Western dignitaries and politicians on official visits to
Israel are deliberately steeped in the historical and contemporary suffering of
the Jewish people in a blatant attempt to manipulate their sympathies. It�s a
familiar circuit beginning with the Holocaust memorial Yad Vashem built �to
perpetuate the legacy of the Holocaust to future generations . . .�
Its 2008 visit book alone reads like a who�s who of the
powerful and would-be powerful, beginning with the US president in January.
Hard on his heels were Sen. John McCain, French President Nicolas Sarkozy,
German Chancellor Angela Merkel, Britain�s Prime Minister Gordon Brown, and,
last but definitely not least, presidential hopeful Barack Obama.
For some, this wasn�t the first time they had donned a
yarmulke to tour the heart-wrenching hall of remembrance or used the occasion
to make uplifting speeches on good emerging from evil. It�s as though a trip to
Israel requires a pilgrimage to Yad Vashem where they are sure to receive a
highly emotive dose of Jewish tragedy and suffering.
Then for light relief, Israel�s prestigious visitors are
taken to the Wailing Wall in the heart of Jerusalem�s old walled city which is
venerated by Jews as being the last remnant of their destroyed temple. At this
place of mourning and weeping, they are invited to pen a personal prayer, fold
it, and insert it into one of the wall�s crannies while being assured its
contents will remain confidential. Unfortunately, for Sen. Obama his prayer was
shamefully filched and published in some Israeli papers. If the high-profile
guest of the State of Israel stays long enough he or she is whisked off to
Masada, the 400-meter high site of an ancient fortress overlooking the Dead
Sea. There, they learn how 960 Jewish zealots fleeing from the Romans preferred
mass suicide to defeat.
Some Jewish historians and archaeologists have disputed this
story, relegating it to myth. But over the centuries it has emerged as one of
the greatest Jewish symbols and, today, Israeli soldiers go there to take the
oath �Masada shall not fall again.� Foreign visitors are encouraged to shout
out �Am Yisrael Chai� (the people of Israel live) and listen for the echo as
senators John Kerry and Al Gore dutifully did.
The newest destination on the �misery circuit� is Sderot, a
tiny city in the Western Negev. Due to its proximity to the Gaza Strip, the
town has become a target for largely homemade Palestinian rockets that mostly
land on desert sands. However, they have caused the deaths of 13 residents over
the past seven years while others have been wounded.
One thing is certain: The constant threat of attack means
the city�s economy is unable to thrive and residents are unable to move away
because they cannot find buyers for their homes. This is the official story. In
truth, if the Israeli government wanted to ensure the safety of the city�s
10,000 families they could easily be relocated farther afield with help from
government coffers and donations from the Diaspora.
Again, one can�t help suspecting that maintaining Sderot in
its current location ensures that Israel has yet another symbol of suffering
and victimization, keeping alive the idea that Jewish people are eternal
victims and, thus, deserve special treatment by the rest of the world. The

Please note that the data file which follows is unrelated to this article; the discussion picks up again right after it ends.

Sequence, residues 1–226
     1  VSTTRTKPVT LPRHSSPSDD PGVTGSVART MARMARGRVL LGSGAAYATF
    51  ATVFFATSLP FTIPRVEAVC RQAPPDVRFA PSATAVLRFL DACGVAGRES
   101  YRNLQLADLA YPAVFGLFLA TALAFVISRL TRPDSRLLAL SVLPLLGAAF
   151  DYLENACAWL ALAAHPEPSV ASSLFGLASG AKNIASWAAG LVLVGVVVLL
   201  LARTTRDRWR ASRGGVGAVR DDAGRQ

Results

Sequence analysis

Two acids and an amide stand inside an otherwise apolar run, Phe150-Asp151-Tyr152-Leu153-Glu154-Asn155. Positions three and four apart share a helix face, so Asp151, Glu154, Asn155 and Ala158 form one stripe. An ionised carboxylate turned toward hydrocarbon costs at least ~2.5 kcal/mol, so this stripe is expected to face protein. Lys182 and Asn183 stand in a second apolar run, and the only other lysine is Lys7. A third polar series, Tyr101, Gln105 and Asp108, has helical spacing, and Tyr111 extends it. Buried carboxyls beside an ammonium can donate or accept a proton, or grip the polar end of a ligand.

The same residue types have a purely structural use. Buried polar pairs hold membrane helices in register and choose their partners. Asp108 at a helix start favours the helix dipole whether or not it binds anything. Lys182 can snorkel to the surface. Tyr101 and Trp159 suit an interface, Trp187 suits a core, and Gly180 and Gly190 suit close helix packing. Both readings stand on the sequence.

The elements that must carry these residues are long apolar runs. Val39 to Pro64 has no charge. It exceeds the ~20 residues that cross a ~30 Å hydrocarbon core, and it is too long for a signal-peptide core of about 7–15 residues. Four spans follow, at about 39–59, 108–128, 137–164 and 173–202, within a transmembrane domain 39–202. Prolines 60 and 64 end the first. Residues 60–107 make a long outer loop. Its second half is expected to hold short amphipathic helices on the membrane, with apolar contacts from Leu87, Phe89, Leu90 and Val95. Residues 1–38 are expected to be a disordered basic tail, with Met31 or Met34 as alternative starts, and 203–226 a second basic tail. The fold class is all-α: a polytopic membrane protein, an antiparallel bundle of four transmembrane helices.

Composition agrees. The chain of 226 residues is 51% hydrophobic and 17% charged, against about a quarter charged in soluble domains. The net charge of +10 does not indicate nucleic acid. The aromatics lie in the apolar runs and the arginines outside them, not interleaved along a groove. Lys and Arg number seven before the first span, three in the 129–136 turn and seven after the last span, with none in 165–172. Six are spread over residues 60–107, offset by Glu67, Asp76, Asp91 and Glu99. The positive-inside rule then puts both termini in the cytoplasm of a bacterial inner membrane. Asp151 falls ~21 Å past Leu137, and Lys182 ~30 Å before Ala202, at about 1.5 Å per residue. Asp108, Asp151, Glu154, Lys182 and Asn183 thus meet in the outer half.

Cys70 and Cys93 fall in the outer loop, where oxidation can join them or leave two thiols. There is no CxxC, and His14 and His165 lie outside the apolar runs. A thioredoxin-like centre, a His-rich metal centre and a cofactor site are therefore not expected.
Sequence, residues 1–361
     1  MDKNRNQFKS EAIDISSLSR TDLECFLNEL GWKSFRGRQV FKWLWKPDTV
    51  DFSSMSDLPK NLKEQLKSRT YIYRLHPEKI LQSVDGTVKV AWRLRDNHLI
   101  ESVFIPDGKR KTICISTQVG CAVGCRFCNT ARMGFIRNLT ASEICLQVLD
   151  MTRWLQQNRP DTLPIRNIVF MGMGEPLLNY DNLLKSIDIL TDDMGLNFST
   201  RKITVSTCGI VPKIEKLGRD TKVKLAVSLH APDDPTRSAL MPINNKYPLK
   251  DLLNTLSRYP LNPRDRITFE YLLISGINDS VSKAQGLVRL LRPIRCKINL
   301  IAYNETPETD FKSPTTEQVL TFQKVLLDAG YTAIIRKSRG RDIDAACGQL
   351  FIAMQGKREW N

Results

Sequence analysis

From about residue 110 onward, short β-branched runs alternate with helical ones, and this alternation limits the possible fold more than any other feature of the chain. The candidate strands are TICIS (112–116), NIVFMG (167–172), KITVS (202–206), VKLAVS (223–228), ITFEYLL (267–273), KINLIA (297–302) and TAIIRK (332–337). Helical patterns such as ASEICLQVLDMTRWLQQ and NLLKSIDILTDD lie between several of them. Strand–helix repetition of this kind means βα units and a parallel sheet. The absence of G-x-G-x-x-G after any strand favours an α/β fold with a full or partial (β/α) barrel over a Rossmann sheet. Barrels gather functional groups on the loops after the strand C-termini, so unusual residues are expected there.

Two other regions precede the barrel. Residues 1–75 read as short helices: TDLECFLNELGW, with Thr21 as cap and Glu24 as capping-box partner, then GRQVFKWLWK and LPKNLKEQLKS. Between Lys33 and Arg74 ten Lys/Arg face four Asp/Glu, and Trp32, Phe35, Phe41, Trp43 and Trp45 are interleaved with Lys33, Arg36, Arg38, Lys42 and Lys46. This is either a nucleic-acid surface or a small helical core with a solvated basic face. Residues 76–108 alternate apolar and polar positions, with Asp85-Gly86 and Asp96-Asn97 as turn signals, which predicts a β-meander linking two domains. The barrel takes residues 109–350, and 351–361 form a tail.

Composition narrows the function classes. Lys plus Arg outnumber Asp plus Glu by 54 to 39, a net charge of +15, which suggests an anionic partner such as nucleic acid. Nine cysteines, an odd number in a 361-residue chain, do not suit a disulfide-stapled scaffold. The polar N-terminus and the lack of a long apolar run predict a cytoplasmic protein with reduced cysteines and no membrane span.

people of Sderot are being used as pawns -- as bit players in a carefully contrived
scenario designed to be indelibly imprinted in the minds of foreign leaders and
politicians in case they are tempted to empathize with the people struggling to
survive under Israel�s boot. They know it, too. They are used to hosting famous
people and didn�t bother turning out in force to greet Sen. Obama, who was duly
escorted to the homes of selected residents, schooled in their propaganda
duties, before being asked to pose with a rusting shard from an offending
Gideon Levy writing in Ha�aretz says, �The message is clear.
�Look at how wretched we are, how weak and vulnerable and miserable we are.
Would you be so kind as to come to our aid?�� Levy describes Israel �like a
beggar who shows off his amputated limbs in broad daylight . . . in the hope
that someone will throw a coin or bone in its direction . . .� Except Israel
isn�t a beggar, he says and the difference between it and other countries is
that they haven�t �turned their sighs and groans into a national anthem.�
In the end, it�s all a charade to keep Israel�s victim
status alive in perpetuity. Israelis and their influential guests, who make
obeisance in return for their anointing, know that far from being a disabled
beggar, Israel is a military and economic powerhouse.
Nevertheless, once the dignitary has been drenched in Jewish
wretchedness and soaked in anti-Palestinian propaganda he might deign to spend
some fleeting minutes with the Palestinian president and then again, he might
not. Tellingly perhaps, Obama did; McCain did not. They rarely, if ever, get to
speak with Palestinian victims of Israel�s apartheid wall or people whose homes
have been bulldozed or those forced to watch the destruction of their
100-year-old olive groves.
In the case of US politicians, in particular, once they have
successfully completed the misery tour, they return home with credentials that
are duly paraded before AIPAC during its annual shindig with an �Am Yisrael
Chai� for good measure. If peace ever comes to this region -- and I hope it
does -- Israel will be forced to abandon its victim status and adopt a new,
more positive persona. It will have to stand in front of the world community as
an equal. It will no longer be able to shrug off its responsibilities under
international law and it will be held accountable for its wrongdoing. That day
can�t come soon enough!
S. Heard is a British specialist writer on Middle East affairs. She welcomes
feedback and can be contacted by email at firstname.lastname@example.org.